2,250 Colombian Pesos
Quick & simple
Beautiful views with cable metro
Medellin is the only city in Colombia with a metro. And that’s really nice, since you probably have blisters on your feet from climbing Piedra el Peñol. So it’s time to let your feet relax! When you watch your belongings closely and avoid travelling in the rush hour, you’re going to like the Medellin Metro. The routes and stations are really clear and another bonus: it’s cheap. In this article you find everything you need to know about: routes, costs, safety and a bonus tip: the route to Park Arví with the cable metro in Medellin (it’s really cool!).
You can seriously travel the whole city by metro. Even the most remote places in the mountains can be reached because a special cable metro has been constructed. There are several metro lines, bus lines and even a tram line in Medellin. Over the years there’ve been 4 metro cables constructed and even 2 more are now in development. At every station there are a couple of very clear and easy to find maps that give you an overview of all these public transport lines in Medellin:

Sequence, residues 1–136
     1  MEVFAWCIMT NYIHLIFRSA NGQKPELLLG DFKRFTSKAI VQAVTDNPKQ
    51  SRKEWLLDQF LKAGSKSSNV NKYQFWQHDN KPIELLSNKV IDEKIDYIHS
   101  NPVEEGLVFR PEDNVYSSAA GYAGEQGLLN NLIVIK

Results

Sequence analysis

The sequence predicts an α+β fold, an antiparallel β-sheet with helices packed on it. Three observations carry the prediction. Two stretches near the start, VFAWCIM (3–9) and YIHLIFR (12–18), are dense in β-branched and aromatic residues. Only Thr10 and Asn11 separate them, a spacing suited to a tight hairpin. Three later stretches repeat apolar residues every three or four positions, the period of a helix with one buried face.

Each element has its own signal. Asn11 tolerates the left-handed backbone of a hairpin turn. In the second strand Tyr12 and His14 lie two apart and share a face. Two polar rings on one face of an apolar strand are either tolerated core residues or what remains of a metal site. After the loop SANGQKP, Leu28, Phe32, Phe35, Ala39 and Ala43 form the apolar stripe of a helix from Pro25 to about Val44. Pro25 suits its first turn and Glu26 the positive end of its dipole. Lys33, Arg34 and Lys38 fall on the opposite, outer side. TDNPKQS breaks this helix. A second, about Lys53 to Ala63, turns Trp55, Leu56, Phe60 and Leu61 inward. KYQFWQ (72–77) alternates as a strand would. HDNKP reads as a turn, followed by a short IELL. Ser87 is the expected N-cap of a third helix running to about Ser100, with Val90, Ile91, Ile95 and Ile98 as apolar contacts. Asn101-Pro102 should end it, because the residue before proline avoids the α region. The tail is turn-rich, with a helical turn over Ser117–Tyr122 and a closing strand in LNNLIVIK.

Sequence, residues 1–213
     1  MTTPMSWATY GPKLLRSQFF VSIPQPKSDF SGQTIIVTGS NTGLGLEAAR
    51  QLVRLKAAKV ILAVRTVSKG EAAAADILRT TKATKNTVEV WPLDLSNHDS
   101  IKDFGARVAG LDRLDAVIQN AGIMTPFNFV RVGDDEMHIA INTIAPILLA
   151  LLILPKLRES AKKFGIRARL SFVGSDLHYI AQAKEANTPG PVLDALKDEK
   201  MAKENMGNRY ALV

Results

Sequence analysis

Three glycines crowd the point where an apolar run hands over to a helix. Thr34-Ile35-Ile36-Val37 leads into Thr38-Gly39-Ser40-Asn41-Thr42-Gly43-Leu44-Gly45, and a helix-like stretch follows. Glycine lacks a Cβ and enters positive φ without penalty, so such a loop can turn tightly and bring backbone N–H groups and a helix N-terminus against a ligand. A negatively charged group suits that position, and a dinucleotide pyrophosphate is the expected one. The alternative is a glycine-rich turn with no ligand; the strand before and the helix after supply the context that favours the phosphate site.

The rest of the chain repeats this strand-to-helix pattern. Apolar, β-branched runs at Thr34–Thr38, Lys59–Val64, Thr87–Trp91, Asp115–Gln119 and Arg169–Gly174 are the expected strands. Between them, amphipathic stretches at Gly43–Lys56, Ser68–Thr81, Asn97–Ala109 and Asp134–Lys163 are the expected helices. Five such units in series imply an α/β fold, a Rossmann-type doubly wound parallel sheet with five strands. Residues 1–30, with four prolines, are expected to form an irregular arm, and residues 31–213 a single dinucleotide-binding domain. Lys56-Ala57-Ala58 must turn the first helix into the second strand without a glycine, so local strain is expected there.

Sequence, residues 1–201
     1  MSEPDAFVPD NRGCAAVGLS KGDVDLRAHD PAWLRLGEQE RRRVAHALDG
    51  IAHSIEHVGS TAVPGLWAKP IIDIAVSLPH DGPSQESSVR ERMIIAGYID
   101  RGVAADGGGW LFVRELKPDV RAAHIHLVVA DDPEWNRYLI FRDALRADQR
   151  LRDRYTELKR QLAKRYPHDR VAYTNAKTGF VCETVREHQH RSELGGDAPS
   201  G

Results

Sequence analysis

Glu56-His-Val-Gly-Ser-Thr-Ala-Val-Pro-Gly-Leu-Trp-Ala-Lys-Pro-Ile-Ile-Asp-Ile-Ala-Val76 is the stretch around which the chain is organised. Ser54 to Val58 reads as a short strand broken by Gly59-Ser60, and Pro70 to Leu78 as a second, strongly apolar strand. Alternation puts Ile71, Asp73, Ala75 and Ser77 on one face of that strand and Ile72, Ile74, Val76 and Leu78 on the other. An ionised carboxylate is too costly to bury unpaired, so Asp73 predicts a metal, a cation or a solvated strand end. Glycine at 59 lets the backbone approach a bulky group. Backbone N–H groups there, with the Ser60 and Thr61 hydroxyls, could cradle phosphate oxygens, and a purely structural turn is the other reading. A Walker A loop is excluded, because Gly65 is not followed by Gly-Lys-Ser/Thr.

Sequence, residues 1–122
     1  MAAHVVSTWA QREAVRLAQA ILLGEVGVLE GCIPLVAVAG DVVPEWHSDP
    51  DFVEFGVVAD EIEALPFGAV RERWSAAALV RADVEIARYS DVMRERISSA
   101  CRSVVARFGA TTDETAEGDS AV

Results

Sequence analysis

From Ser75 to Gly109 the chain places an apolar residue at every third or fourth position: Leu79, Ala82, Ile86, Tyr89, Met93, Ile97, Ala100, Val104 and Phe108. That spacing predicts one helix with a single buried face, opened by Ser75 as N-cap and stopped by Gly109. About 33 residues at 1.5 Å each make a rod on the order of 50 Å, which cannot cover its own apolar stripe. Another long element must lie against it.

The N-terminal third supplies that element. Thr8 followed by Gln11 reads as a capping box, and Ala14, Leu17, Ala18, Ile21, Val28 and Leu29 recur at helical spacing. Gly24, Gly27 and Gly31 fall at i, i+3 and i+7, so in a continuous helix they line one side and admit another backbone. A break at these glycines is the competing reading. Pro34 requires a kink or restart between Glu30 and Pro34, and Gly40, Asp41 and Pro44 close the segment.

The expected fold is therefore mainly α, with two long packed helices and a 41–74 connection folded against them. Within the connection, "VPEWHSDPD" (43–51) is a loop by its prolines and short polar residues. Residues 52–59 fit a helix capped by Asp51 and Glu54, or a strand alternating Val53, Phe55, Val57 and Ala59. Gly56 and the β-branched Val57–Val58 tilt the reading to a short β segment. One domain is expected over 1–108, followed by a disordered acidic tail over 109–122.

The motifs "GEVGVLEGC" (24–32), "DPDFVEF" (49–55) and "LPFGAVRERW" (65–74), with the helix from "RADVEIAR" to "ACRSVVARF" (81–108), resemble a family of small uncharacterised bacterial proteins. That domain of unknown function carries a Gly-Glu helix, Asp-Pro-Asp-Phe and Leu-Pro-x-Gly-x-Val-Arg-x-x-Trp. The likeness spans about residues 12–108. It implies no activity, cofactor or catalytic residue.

- 2 metro lines: A and B
- 1 tram line: T-A
- 3 bus lines: 1, 2 and 3
- 4 different cable metro lines: H, J, K and L
- 2 extra cable metro lines coming soon: M and P
You can also check out this map of the Metro de Medellin to see all stops and routes.
Costs Medellin metro
Of course you need a ticket to travel by metro. This ticket has the size of a credit card. You can buy a one-time pass or a pass that you can top up, such as an OV chip card in the Netherlands. When you transfer from the metro to the cable metro you can travel on the same ticket. However, if you transfer to the tram or bus, you will have to pay again (unless you have the OV chip card thing).